Steven Moffat and Peter Capaldi’s greatest contributions to Doctor Who – as voted for by you

Your top five selections for best story, best character, scariest monster and greatest addition to Doctor Who canon, plus Capaldi's greatest performance and best speech

141029.5879c734-b08e-4a10-8081-915084e54379

In his 12 years writing for Doctor Who, and nine in charge of the show, Steven Moffat has enriched the Whoniverse with fantastic new characters and monsters, countless dramatic additions to the Time Lord’s history and some of the best episodes of the modern era. 

Advertisement

As a lifelong fan of Doctor Who, Moffat’s last Doctor Peter Capaldi has brought all the requisite passion, humour and fun to his portrayal of the Time Lord but also four decades of acting experience, meaning that when the scripts demand gravitas and range, it’s there in spades.

As Moffat and Capaldi prepare to depart the show, we’ve asked readers of RadioTimes.com to vote for their greatest contributions to the series. After tens of thousands of votes, these are the results… 

Steven Moffat’s best Doctor Who Story: Blink

With a Bafta-winning script, and a guest role for future Hollywood star Carey Mulligan, this “timey-wimey” Doctor-light episode from 2007 sees David Tennant’s Tenth Doctor leaving a series of cryptic messages at the end of DVD movies. Oh yes, and it introduces us to the terrifying Weeping Angels… 

This was one of the closer polls, with Blink a worthy winner but series nine double-bill finale Heaven Sent/Hell Bent and 50th anniversary special The Day of the Doctor both deserving of honourable mentions…

1. Blink 21.63%
2. Heaven Sent/Hell Bent 18.9%
3. The Day of the Doctor 15.64%
4. The Empty Child/The Doctor Dances 8.59%
5. Silence in the Library/Forest of the Dead 6.81%

Steven Moffat’s greatest addition to the Doctor Who canon: the Doctor’s secret regeneration

The masterstroke was conjuring a new incarnation of the Doctor from a gap in Who history. The epic coup was persuading the legendary John Hurt to play the part. And the big reveal was one of the show’s most spine-tingling moments ever. 

It’s a brilliantly simple realisation: since we never saw the Eighth Doctor regenerate into the Ninth, maybe he didn’t… maybe there’s a Doctor we’ve never met before. The invention of John Hurt’s War Doctor not only made that idea flesh but also explained what the peace-loving Doctor was up to during the Time War with the Daleks – an event that has haunted him ever since – making it a key piece of Doctor Who canon and well worthy of the whacking 50% of the vote it garnered.

Special mention too, though, to Moffat’s most memorable piece of dialogue – “timey-wimey”…

1. The Doctor’s secret regeneration (The War Doctor) 49.58%
2. The phrase “timey-wimey” 24.7%
3. Time Lord regeneration sex changes 14.92%
4. The Sonic Sunglasses 6.89%
5. Time Lord regeneration ethnic changes 3.9%

Steven Moffat’s scariest Doctor Who monster: the Weeping Angels

Moffat has dispatched numerous disturbing denizens into our living rooms over the years but none have frozen viewers with fear like the Weeping Angels – stone statues that attack whenever you take your eyes off them. Whatever you do, don’t blink! 

The Angels win no contest with an eye-watering 62% of the vote, although the extremely unsettling “Are you my mummy?” gas mask boy from The Empty Child gets a deserved second place just ahead of the eerie Silence…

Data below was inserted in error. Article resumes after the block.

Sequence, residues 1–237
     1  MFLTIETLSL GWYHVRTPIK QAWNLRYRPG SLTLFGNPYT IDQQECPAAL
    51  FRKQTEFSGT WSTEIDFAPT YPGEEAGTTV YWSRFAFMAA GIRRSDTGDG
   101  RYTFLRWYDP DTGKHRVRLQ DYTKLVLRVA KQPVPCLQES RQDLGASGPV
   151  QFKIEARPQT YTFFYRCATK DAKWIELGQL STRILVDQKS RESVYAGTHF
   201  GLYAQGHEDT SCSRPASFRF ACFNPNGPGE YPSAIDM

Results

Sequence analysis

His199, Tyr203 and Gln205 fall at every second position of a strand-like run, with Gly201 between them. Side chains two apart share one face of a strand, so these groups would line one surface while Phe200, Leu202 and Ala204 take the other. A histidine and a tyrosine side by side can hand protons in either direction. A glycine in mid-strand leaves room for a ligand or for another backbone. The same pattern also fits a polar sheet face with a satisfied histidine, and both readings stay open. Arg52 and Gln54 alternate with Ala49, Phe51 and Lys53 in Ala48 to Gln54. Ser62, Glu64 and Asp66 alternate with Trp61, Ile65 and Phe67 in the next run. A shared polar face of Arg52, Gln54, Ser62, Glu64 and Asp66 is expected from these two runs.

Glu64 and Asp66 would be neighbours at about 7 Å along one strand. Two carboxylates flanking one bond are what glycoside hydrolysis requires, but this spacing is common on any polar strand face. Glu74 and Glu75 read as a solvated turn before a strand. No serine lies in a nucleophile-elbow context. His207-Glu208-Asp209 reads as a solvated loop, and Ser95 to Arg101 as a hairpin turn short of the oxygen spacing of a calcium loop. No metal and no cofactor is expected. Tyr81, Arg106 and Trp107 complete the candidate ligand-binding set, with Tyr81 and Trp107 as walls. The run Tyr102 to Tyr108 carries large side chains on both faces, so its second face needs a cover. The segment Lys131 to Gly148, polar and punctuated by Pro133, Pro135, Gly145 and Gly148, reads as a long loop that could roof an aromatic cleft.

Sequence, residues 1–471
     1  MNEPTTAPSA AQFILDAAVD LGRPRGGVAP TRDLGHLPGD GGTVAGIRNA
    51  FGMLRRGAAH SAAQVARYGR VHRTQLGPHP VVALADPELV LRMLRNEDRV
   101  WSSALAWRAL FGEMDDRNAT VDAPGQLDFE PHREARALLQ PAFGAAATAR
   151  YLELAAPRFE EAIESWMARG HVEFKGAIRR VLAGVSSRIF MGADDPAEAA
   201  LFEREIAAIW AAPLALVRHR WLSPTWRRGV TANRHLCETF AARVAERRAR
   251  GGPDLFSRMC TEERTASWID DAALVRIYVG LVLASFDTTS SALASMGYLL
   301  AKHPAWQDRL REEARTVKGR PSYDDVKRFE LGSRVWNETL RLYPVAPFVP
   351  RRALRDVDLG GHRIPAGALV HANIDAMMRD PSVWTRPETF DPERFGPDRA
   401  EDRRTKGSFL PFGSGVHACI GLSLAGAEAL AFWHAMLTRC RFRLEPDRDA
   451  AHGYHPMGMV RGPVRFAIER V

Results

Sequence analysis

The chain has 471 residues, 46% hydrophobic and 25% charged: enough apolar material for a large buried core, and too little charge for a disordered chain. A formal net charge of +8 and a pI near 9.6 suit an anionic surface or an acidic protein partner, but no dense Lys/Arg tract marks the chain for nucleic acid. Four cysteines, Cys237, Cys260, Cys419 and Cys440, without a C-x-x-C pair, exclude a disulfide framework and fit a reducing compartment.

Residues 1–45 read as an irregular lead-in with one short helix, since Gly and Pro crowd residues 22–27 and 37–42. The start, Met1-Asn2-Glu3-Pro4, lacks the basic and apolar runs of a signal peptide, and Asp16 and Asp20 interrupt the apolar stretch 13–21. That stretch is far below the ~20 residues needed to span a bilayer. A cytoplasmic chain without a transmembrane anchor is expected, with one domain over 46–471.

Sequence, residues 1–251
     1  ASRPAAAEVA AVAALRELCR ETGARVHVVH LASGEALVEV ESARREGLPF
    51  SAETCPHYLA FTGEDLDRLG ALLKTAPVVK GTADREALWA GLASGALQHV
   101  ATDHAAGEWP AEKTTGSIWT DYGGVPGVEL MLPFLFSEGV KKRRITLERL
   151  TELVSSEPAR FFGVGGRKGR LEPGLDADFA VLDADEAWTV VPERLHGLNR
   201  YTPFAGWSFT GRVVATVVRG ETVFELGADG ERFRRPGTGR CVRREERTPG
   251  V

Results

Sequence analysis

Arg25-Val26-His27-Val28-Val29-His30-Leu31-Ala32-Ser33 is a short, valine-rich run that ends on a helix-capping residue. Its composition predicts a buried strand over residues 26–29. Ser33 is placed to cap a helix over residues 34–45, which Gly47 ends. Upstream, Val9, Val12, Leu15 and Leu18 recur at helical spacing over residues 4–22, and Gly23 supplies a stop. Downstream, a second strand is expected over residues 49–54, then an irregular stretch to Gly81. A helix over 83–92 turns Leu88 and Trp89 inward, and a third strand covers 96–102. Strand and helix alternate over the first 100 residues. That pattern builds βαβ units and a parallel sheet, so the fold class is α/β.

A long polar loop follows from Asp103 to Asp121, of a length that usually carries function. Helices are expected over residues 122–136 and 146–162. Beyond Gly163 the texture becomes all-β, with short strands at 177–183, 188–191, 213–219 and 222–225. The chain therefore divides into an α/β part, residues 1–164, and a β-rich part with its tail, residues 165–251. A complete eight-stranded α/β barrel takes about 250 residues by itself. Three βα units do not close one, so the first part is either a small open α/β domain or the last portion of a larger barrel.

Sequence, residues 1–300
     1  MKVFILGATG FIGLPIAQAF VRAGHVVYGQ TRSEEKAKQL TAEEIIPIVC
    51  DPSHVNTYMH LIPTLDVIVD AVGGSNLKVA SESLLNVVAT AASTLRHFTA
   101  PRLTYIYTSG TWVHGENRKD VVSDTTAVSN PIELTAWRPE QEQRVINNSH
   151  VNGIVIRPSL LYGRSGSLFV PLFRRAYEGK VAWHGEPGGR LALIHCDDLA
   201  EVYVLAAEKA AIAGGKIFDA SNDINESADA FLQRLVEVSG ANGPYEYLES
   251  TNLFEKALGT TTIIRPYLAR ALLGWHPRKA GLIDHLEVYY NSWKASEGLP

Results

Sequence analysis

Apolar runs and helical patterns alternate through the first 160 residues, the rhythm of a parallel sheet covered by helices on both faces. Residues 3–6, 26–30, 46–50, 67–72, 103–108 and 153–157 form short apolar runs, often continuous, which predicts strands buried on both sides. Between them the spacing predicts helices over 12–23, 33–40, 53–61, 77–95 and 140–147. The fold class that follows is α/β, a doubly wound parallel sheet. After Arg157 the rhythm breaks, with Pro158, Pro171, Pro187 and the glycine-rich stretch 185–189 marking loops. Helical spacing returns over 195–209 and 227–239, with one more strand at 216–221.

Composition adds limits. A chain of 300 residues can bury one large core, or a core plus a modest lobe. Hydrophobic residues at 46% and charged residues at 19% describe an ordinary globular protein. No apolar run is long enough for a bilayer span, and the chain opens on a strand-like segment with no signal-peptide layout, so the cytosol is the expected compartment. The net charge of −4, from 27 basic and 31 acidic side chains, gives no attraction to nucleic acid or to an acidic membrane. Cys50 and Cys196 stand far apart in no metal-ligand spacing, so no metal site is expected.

1. The Weeping Angels 62.14%
2. The Empty Child (gas mask nano-genes) 13.48%
3. The Silence 10.24%
4. The Vashta Nerada 8.26%
5. The Clockwork Droids 2.19%

Steven Moffat’s best Doctor Who character: River Song

The Doctor’s wife, assassin and guardian angel, Alex Kingston’s buccaneering adventurer ploughs her own timeline – yet beneath the bravado is a deep sorrow that she rarely gets to share it with her husband

River Song picked up more than half the vote, closely followed by Captain Jack Harkness. Whether the head of Torchwood is a Steven Moffat creation is debatable, though – on one hand, former showrunner Russell T Davies sketched out the character; on the other. Jack first appeared in Moffat’s episode The Empty Child, and Davies has been clear that, unlike most of his writers, he never touched a word of Moffat’s scripts.

It’s certainly not clear-cut though, so in this case we’re giving you a top 6 instead of a top 5, with Jenna Coleman’s companion Clara Oswald therefore making it in for those who don’t think Captain Jack should be there.

Kudos too to Matt Lucas’s Nardole, who has gained an increasingly avid following since he returned as the Doctor’s right-hand man in series ten…

1. River Song 25.96%
(Captain Jack Harkness 21.99%)
2. Nardole 15.33%
3. Amy Pond 9.21%
4. Missy 8.03%
5. Clara Oswald 5.52%

Peter Capaldi’s best performance in a Doctor Who episode: Heaven Sent

A brilliantly conceived and realised one-hander that, by stranding the Doctor on his own, allows Capaldi – and us – to focus on his performance like never before. The result: an instant classic. 

And with nearly 48% of the vote, the clear winner…

1. Heaven Sent 47.65%
2. The Husbands of River Song 7.96%
3. Hell Bent 7.22%
4. The Zygon Inversion 6.64%
5. Mummy on the Orient Express 2.6%

Peter Capaldi’s best Doctor Who speech: anti-war speech from The Zygon Invasion

Moffat gets the credit for penning such an eloquent thesis on the futility of war but Capaldi’s delivery makes it come alive – the passion, the bitter humour and the sorrow of a man who has seen history repeat itself time and time again. 

No wonder it got half the votes…

1. “No-one else will ever have to feel this pain – not on my watch” – The Zygon Inversion (49.43%)

2. “That’s a hell of a bird” – Heaven Sent (16.17%)

3. “The value you place on a life” – Thin Ice (12.12%)

4. “Scared is a super power” – Listen (10.05%)

Advertisement

5. “Everything ends” – The Return of Doctor Mysterio (6.37%)